The SWAT team is a special IT unit composed of development experts whose task is to save the project when it encounters problems like the ones previously described and when it has deadlines that cannot be moved for justified reasons. Experienced development experts identify and remove the so-called friction in development, i.e., all things that slow down developers in the delivery of software – from misnamed files, communication noise, to better architecture by applying best practices.
Such a team truly is reminiscent of an elite military unit in which a specialized, well-trained, and autonomous team performs special tasks, but still has access to all the resources of the organization in which it works.
If we compare these situations with military operations, the special unit has all the autonomy in carrying out the task, however, it can request air support from regular military units at any time. Consequently, a small development team deeply involved in solving project problems should have the support of management and the entire organization, as well as the freedom to seek and obtain approval for the purchase of tools, hardware, etc. to accelerate implementation and direct the project onto the right path – to success. Therefore, large organizations, which are administratively much slower than smaller organizations, should also be prepared for quick interventions that will free the team from organizational bureaucracy.
For the SWAT team to be truly 3-4 times faster, it is necessary to have the following essential characteristics, among others:
1. Rich experience
3. A large number of existing modules or, for example, server provisioning scripts
4. Ability to spot and eliminate problems that create friction in the project.
5. A diverse team: In military operations you do not need 6 experienced snipers, but a diverse team of special forces, and it’s the same here: every development engineer is a proven expert in their field, no matter if Frontend, Backend, DevOps, architecture, etc.
This all may seem obvious, but precisely because often the obvious things have not been detected and applied, the project runs into problems, technical debts, and the so-called friction on the project prevents the project from advancing at the expected speed.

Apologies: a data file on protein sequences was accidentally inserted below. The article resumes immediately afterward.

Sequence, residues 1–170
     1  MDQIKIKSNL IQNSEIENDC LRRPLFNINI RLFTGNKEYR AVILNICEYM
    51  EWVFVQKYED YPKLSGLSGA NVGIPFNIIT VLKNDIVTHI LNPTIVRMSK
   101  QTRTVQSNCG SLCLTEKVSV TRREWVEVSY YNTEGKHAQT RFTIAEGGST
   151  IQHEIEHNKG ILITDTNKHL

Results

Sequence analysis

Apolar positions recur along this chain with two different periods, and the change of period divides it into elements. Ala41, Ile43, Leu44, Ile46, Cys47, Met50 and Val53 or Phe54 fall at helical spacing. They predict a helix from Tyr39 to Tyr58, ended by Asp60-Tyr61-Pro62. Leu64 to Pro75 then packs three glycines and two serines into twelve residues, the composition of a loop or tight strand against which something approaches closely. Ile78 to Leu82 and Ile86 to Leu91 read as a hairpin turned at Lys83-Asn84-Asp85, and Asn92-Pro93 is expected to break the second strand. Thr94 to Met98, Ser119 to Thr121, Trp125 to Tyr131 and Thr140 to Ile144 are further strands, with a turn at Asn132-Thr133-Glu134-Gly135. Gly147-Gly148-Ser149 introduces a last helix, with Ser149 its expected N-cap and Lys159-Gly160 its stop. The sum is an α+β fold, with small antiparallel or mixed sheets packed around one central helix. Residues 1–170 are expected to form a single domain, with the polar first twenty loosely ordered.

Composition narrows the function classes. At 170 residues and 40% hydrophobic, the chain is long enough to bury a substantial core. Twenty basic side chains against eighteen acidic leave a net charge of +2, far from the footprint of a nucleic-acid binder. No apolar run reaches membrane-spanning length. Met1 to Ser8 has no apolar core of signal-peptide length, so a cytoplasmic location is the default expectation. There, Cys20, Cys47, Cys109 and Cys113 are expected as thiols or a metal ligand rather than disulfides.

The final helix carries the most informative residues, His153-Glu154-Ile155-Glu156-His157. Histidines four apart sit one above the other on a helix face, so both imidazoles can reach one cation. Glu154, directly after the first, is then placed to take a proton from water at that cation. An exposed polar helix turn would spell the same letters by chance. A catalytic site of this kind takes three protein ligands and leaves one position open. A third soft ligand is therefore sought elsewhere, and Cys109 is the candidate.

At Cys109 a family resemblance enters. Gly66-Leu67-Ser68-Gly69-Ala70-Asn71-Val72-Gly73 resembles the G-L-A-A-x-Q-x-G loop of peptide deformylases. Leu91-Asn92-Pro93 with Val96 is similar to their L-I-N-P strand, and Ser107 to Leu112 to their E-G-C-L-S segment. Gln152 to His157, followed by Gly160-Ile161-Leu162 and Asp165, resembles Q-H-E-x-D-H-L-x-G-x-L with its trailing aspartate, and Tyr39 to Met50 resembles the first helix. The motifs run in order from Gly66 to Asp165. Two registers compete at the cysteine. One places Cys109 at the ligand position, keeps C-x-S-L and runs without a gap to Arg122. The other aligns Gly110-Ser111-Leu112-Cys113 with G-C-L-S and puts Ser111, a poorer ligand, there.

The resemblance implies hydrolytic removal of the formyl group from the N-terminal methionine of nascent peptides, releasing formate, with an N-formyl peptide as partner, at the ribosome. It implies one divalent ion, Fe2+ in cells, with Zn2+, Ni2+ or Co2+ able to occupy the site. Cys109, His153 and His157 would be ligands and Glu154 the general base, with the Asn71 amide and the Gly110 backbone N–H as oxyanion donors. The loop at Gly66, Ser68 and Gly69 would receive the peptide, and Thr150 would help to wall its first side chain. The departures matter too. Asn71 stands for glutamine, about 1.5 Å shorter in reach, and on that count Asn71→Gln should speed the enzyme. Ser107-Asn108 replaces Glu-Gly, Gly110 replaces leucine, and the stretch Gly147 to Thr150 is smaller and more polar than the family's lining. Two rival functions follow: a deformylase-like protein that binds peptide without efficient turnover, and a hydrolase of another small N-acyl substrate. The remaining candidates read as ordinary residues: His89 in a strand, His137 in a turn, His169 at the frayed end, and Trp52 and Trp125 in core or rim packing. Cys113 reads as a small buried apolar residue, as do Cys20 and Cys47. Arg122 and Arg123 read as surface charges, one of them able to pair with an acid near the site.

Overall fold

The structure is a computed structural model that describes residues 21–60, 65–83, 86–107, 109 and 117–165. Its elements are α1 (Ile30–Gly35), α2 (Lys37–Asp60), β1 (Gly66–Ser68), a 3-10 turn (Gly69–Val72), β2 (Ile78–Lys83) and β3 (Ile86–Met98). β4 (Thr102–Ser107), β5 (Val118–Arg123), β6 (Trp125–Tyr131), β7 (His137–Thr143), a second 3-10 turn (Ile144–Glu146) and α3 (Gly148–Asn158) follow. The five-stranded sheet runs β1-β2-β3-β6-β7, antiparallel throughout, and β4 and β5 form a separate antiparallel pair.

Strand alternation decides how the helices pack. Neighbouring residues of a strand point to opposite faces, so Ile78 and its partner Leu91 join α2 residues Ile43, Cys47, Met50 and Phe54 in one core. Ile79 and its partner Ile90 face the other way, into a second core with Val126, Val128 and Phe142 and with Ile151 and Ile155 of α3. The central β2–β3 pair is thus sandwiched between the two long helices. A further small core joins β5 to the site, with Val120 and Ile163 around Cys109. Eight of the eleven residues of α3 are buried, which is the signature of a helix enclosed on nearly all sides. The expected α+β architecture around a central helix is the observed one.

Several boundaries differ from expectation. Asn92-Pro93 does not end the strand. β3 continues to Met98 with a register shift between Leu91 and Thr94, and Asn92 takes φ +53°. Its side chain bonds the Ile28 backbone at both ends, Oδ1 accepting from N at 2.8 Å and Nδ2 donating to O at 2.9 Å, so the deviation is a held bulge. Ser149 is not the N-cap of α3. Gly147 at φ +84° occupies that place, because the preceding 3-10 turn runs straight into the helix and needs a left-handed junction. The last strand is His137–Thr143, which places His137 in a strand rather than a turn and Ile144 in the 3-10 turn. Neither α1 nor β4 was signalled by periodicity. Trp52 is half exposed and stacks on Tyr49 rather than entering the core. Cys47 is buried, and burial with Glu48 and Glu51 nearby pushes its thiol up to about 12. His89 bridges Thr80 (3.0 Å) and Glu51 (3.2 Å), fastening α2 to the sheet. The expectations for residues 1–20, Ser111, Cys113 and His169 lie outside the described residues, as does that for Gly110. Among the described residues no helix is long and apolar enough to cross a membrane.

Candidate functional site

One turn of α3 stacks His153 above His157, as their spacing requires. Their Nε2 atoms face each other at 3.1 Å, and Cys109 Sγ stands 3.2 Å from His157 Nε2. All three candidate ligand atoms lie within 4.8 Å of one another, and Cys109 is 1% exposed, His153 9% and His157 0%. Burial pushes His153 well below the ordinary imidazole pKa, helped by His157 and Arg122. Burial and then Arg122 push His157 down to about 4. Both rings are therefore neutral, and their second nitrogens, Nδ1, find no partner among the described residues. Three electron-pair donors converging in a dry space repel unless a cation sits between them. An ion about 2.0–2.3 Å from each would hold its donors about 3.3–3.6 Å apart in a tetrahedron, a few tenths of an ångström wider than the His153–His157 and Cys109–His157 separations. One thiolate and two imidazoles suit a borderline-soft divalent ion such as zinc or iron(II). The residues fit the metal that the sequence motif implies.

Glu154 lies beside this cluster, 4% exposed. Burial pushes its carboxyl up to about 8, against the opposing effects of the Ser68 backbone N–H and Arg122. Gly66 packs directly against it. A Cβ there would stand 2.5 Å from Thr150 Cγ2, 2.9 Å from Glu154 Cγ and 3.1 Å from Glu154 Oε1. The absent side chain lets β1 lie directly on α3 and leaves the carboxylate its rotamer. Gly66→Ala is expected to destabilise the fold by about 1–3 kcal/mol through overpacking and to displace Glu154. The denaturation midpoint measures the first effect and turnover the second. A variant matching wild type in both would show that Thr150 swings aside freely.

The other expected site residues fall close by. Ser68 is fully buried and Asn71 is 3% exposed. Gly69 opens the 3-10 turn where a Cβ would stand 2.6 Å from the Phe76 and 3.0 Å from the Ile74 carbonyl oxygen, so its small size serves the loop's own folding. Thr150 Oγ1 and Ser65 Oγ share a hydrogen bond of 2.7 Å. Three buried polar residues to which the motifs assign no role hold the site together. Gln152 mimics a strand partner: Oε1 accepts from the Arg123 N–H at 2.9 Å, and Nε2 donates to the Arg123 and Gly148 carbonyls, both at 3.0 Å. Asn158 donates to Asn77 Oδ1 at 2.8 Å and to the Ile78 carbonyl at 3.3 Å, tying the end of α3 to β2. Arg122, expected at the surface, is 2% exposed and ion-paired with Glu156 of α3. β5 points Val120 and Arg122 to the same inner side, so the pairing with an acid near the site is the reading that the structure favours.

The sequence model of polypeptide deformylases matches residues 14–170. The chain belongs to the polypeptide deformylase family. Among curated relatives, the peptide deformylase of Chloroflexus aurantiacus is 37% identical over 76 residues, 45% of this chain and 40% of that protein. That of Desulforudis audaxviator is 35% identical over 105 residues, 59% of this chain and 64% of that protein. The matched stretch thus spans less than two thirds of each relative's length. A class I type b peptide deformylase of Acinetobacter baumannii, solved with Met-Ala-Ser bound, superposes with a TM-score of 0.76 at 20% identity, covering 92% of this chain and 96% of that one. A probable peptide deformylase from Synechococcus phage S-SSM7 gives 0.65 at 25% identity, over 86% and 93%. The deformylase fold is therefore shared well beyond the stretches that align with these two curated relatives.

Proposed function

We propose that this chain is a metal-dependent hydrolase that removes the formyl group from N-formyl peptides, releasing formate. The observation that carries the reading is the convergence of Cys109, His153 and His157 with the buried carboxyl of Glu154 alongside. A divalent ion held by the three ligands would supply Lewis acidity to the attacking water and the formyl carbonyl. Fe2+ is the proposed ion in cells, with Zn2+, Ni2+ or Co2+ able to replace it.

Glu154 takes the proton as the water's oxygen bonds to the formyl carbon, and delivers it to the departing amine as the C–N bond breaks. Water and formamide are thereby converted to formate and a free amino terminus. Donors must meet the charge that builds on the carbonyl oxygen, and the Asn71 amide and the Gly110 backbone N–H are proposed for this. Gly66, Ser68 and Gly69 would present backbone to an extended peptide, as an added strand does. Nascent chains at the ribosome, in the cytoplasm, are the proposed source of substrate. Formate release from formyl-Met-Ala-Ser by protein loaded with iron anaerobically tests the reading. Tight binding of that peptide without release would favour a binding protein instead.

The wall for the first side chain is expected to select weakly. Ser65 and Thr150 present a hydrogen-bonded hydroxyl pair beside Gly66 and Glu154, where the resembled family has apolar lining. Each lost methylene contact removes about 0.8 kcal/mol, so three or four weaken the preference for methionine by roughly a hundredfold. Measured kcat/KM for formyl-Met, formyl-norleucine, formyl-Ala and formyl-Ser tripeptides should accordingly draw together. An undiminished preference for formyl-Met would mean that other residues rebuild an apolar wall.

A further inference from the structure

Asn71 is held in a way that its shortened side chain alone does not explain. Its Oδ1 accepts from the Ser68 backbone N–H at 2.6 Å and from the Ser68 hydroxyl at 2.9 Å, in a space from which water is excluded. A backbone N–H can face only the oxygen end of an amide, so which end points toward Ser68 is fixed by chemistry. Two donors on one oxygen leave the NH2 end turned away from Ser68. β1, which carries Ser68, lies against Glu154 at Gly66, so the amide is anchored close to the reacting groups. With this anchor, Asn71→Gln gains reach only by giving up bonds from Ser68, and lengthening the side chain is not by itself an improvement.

If we use the lack of tests or source code documentation as an example, a fairly common reply is, “we didn't do it because we didn't have time”. However, the real problem here is the false sense that it is a waste of time. If we have a pre-defined initial documentation structure or experience from previous tests, these two things are not seen as a problem, but as an opportunity. Documentation and tests quickly detect poor code or architecture performance. Repairing them at an earlier stage prevents friction in the later stages of the project.
• It works up to three times faster since it is a professional trained team with enough experience
• Revises the code, i.e., analyzes the code and gives guidelines on what needs to be fixed to eliminate project friction
• Uses knowledge gained so far and ready-made code from its own platform
• Independent, prevents vendor lock-in if unnecessary
The uncompromising quality of implementing an idea within the set deadlines and financial frameworks is what we want to achieve when moving into a project for a client.
In the absence of time, and sometimes experience, it often happens that we move away from this aspiration, making compromises the only other aspects that are left – the quality of the user experience and the quality of the code that runs the application. Because of such compromises, we can lose users or quality developers.
If the decline in quality reaches a critical limit, it may be time for SWAT.